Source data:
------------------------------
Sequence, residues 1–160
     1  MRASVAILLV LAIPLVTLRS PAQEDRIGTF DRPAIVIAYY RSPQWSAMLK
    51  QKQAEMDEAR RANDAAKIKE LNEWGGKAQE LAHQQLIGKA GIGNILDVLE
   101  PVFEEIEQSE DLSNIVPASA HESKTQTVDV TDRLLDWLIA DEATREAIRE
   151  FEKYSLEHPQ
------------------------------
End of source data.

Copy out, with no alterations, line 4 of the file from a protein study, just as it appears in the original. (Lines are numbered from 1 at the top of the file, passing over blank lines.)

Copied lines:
   101  PVFEEIEQSE DLSNIVPASA HESKTQTVDV TDRLLDWLIA DEATREAIRE